NEW YORK — The bone-jarring, head-banging sport of bronco busting seemed almost easy to Jackson Sundown after escaping on horseback from U.S. troops in the Nez Perce wars.
He was in his 50s when he reached rodeo's pinnacle in 1916as the first American Indian to win the world bucking championship and hold the all-around title at the Pendleton Roundup.
"Sundown! Sundown! Ride 'em, Sundown!" crowds yelled. His ride in Oregon made him one of rodeo's early Indian heroes.
Tom Three Persons of the Kainai in Alberta, Canada, is another storied figure. He won the world saddle bronc title at the first Calgary Stampede in 1912.
Their exploits are described in "Legends of Our Times: Native Ranching and Rodeo Life on the Plains and Plateau," a compelling exhibit at the Smithsonian's National Museum of the American Indian in Manhattan.
The displays puncture a myth about separate, mutually hostile worlds of cowboys and Indians. In reality, they converged.
The collection of 700 relics encompasses antique saddles and bridles, buckskin attire and saddlebags, powwow regalia, headdresses, buffalo-skin overcoats, leather chaps, rifle cases and hunting-knife scabbards.
Photos of native ranching and rodeo exploits were gathered by the Canadian Museum of Civilization in Ottawa. Wallboards explain how Indian cowboys evolved from buffalo hunters to reservation ranchers, then respected rivals of white cowboys at rodeos.
"People tend to look at stereotypes, saying they didn't realize that Indians could be cowboys," said Gerald McMaster, museum deputy assistant director for cultural resources. "Native people have been contributing for hundreds of years."
Ranching "was a natural crossover -- a way of life based on a horse culture, their experience of driving herds of deer and buffalo, their knowledge of the land for grazing," he said.
The exhibit, which runs through March 7, 2004, is in the ornate former Customs House at Battery Park. Admission is free.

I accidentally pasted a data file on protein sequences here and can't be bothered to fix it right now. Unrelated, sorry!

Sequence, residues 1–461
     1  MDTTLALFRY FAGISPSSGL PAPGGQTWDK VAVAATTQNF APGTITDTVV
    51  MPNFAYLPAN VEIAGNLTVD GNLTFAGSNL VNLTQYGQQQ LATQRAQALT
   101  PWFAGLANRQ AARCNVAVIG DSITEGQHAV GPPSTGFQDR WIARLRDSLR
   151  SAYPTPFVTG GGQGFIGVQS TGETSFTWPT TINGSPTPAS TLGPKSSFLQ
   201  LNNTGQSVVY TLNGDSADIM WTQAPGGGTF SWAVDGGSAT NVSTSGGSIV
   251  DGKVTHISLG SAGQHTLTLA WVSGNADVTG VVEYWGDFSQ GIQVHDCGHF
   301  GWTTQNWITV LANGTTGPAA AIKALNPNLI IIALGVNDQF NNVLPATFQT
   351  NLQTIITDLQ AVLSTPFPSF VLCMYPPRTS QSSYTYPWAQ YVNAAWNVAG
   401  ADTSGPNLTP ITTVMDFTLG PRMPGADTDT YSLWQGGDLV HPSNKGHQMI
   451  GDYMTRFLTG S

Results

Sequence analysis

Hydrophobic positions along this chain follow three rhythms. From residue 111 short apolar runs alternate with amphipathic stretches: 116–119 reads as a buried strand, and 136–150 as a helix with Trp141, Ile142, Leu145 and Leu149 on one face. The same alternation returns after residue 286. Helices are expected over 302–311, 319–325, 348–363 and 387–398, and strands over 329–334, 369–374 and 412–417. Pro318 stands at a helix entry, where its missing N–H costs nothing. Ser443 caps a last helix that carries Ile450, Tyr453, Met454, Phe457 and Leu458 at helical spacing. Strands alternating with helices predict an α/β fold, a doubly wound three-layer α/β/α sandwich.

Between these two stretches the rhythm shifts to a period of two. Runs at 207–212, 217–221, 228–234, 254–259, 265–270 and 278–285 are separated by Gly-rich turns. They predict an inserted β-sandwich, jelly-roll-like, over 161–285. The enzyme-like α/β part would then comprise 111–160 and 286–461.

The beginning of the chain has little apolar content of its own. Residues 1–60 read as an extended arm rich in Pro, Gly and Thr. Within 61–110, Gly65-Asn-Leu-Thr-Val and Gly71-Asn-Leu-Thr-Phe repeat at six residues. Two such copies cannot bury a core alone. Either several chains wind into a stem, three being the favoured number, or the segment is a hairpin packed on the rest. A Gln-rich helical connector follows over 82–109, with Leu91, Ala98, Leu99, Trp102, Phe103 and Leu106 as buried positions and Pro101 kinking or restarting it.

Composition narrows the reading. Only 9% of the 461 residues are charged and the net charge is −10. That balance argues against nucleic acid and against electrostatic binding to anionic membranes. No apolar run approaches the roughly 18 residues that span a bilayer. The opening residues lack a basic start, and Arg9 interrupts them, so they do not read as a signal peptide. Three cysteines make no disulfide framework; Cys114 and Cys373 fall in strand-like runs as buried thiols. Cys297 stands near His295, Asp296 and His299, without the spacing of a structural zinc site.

The survey begins with descriptions of the sacred role of horses, dogs and buffalo in Plains and Plateau tribal societies, and how these beliefs influenced native cowboys' views of ranching and rodeo life.
Other installations describe the evolution of Indian ranching, rodeo events, native entertainers in Western films, music and pageants, and native artisans -- saddle makers, clothing designers and silversmiths.
Equestrian skills were a matter of life-or-death for the Plains people, essential for hunting buffalo and other game, and fending off marauding rivals. Arrival of white settlers led to bitter conflicts over land and the slaughter of buffalo herds, ending unfettered migration of tribes.
Confined to reservations, Indians found that horsemanship and other life-sustaining skills were ideal for cattle ranching. They became adept at roping calves, branding steers and growing hay for winter feed.
Many Indian cowboys hired out to the huge cattle drives that brought beef to eastern markets in the 19th century. When rodeo competitions blossomed in the early 20th century, Indian ranch hands were able to challenge white cowboys in such events as roping and bronco busting.
Sundown's story is emblematic of resilience and adaptability. As a teenager in 1877, he joined Chief Joseph's band in their flight from the Nez Perce reservation in Idaho, pursued by U.S. troops. At the Battle of Big Hole in Montana, Sundown escaped after hiding under buffalo robes in a tepee when the bluecoats set the camp afire, killing many women and children. After the Battle of Bear Paw Mountain, he escaped to Canada. He returned to Montana in the 1880s, mastered rodeo skills and began competing at 40.